Skilled artisans could alternatively form corner protector members 12 in the flexible material layer and then, in one step, overwrap the product container 18. In this embodiment, care must be taken to ensure that the support members 12 line up with the corner edges of the product container 18 during assembly of the high impact resistant packaging 10.
In an alternative embodiment, a flexible material layer 50, such as a shrink wrap, overwraps the product container 18 and corner protector members 12 mounted thereon forming a unitized package 10.
In the preferred embodiment, the flexible material layer 50 is CLYSARŪ Shrink film made by Du Pont Packaging CO., 1007 Market Street, Wilmington, Del. Alternatively, flexible material layer 50 may comprise a polyolefin film material, such as an extruded plastic film, or a paper material or a polypropylene bag.
The process for assembling and using the package 10 of the invention includes providing the product container 18 to be packaged, as described above. The corner protector members 12, as described above, are then mounted on the corner edges 14,16,20,22 of the product container 18 as shown in FIGS. 3 & 4. Corner protector members 12 may be mounted manually by hand or they may be installed by automated equipment. In either case, it is important to the invention that the slots 30 have the general characteristics as described above so that the corner protector members 12 can be mounted onto the corner edges 14,16,20,22 of the product container 18 for absorbing maximum shock.
After the corner protector members 12 are fully mounted onto the corner edges 14,16,20,22 of the product container 18, the flexible web layer 50 is then shrinked wrapped fully around the product container 18 including corner protector members 12. Conventional shrink wrap equipment is preferably used for this process, although those skilled in the art can appreciate that other methods of wrapping flexible layer 50 around the product container may also be used.
In an alternative embodiment, according to FIG. 5, before the product container 18 is shrink wrapped, a peelable strip 40 may be bonded to the underside of the shrink wrap layer 50 (i.e., the side directly interfacing the product container 18) to provide a convenient means for accessing the container. In this embodiment, an aperture 42 is made in the flexible layer 50 collinear with the peelable strip 40 and an end portion 44 of the strip 40 is exposed through the aperture 42. Once the package 10 is fully assembled, the user can gain easy access to the product container 18 by simply grasping and pulling the extended end portion 44 away from the product container 18. Preferably, the product container 18 may be accessed by simply initiating a tear in any portion of the shrink wrap layer 50.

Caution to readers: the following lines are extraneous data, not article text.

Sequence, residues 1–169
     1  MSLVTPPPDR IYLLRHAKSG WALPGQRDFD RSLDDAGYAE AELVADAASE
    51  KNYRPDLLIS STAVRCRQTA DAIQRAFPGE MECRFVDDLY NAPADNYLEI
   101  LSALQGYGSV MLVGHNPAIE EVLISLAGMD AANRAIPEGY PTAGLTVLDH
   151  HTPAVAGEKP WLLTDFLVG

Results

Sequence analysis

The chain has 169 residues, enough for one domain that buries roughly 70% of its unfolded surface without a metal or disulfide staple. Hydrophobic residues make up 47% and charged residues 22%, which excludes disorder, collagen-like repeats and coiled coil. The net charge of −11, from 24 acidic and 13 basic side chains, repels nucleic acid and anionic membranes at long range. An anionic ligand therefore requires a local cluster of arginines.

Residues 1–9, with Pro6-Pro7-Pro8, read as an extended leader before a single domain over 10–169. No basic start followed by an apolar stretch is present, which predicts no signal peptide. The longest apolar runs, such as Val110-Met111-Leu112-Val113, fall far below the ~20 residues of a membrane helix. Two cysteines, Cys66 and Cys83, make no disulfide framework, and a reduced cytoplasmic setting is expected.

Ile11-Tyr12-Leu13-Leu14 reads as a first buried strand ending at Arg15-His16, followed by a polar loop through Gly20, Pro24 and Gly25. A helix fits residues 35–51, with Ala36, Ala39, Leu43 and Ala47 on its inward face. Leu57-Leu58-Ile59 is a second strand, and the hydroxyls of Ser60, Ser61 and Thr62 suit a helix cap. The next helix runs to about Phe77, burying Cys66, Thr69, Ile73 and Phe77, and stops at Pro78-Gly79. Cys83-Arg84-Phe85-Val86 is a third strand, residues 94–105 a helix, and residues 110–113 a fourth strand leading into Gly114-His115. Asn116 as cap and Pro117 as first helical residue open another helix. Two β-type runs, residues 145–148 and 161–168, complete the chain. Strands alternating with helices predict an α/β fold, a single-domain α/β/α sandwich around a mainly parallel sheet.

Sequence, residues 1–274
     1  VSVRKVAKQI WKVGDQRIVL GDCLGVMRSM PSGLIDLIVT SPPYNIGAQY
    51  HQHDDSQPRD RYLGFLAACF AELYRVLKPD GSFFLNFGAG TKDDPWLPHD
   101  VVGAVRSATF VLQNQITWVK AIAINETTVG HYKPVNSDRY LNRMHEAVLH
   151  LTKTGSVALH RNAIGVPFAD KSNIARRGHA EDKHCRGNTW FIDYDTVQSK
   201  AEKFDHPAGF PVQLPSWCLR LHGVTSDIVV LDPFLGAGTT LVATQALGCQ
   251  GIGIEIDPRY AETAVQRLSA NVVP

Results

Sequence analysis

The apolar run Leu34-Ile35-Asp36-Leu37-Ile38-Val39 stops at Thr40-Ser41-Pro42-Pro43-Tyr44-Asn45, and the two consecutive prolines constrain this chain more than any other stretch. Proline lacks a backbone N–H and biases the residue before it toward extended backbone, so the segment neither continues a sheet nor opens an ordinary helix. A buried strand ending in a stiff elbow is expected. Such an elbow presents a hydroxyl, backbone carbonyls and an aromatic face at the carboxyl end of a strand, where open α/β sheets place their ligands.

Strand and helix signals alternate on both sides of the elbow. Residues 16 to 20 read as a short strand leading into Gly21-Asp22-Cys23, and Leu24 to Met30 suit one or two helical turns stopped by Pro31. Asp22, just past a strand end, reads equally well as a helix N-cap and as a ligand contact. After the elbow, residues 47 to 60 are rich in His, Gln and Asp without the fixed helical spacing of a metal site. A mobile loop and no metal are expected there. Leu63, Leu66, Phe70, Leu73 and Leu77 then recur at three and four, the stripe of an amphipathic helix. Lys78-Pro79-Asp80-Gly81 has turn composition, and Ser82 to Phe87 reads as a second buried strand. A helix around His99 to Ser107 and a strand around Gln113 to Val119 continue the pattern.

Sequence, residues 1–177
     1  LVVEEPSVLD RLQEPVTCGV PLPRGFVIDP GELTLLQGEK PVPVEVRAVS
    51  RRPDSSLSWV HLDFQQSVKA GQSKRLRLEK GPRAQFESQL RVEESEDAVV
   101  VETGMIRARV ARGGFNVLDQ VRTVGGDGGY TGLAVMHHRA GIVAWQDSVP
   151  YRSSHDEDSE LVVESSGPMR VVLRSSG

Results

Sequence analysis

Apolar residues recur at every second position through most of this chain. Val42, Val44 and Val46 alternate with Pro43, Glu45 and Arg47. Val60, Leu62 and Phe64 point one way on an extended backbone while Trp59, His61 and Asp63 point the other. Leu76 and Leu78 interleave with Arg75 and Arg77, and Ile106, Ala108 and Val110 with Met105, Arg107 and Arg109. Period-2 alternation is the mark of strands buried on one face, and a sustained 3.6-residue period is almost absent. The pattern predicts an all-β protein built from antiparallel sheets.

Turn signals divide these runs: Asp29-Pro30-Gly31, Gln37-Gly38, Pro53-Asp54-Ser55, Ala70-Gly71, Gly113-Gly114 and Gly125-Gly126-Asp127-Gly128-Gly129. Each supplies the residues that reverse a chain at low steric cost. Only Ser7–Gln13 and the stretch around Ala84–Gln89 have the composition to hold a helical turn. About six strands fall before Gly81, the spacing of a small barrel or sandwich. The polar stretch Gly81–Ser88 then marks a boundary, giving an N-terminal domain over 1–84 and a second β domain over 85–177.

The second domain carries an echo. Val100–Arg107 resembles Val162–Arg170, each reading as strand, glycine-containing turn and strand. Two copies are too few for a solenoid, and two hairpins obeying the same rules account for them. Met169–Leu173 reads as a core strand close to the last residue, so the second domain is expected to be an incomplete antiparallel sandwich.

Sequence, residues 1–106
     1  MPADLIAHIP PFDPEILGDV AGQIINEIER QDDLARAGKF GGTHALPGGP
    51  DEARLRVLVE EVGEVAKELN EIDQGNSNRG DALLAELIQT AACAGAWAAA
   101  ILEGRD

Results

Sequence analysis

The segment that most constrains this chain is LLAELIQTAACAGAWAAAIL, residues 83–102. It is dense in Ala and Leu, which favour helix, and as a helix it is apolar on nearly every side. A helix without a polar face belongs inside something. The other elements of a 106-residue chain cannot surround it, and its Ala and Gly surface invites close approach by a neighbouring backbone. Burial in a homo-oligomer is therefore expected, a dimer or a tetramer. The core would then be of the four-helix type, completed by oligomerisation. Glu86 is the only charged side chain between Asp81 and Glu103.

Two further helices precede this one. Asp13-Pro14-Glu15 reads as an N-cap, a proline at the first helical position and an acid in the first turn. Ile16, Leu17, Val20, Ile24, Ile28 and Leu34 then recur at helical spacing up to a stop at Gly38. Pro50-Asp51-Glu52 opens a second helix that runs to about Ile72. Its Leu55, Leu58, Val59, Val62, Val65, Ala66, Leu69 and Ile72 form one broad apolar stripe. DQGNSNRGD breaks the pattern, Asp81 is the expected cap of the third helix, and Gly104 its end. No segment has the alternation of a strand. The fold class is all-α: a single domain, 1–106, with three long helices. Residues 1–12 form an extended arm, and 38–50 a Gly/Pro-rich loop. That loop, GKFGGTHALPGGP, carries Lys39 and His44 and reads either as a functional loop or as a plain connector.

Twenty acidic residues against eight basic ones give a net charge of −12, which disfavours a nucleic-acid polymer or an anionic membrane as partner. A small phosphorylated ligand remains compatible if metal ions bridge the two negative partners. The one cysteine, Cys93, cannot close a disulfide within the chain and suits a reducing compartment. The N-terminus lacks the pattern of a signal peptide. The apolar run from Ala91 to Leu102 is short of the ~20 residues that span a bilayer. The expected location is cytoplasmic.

Accordingly, an important advantage of the present invention is that it provides an economical, easy to manufacture, fully recyclable, easily stored, improved high impact resistant packaging during shipping and handling.
While the invention has been described with a certain degree of particularity it is manifest that many changes may be made in the details of construction and the arrangement of components without departing from the spirit and scope of this disclosure. It is understood the that the invention is not limited to the embodiments set forth herein for purposes of exemplification, but is to be limited only by the scope of the attached claim or claims, including the full range of equivalency to which each element thereof is entitled.
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|U.S. Classification||206/523, 206/586, 206/497|
|International Classification||B65D81/05, B65D81/02|
|Cooperative Classification||B65D2581/055, B65D81/057, Y02W30/807|
|Aug 2, 1993||AS||Assignment|
Owner name: EASTMAN KODAK COMPANY, NEW YORK
Free format text: ASSIGNMENT OF ASSIGNORS INTEREST;ASSIGNORS:KROECKEL, RONALD W.;CULLEN, ALLEN B.;BURNS, JAMES E.;REEL/FRAME:006645/0807
Effective date: 19930802
|May 29, 1998||FPAY||Fee payment|
Year of fee payment: 4
|May 30, 2002||FPAY||Fee payment|
Year of fee payment: 8
|Jun 25, 2002||REMI||Maintenance fee reminder mailed|
|Jun 21, 2006||REMI||Maintenance fee reminder mailed|
|Dec 6, 2006||LAPS||Lapse for failure to pay maintenance fees|
|Jan 30, 2007||FP||Expired due to failure to pay maintenance fee|
Effective date: 20061206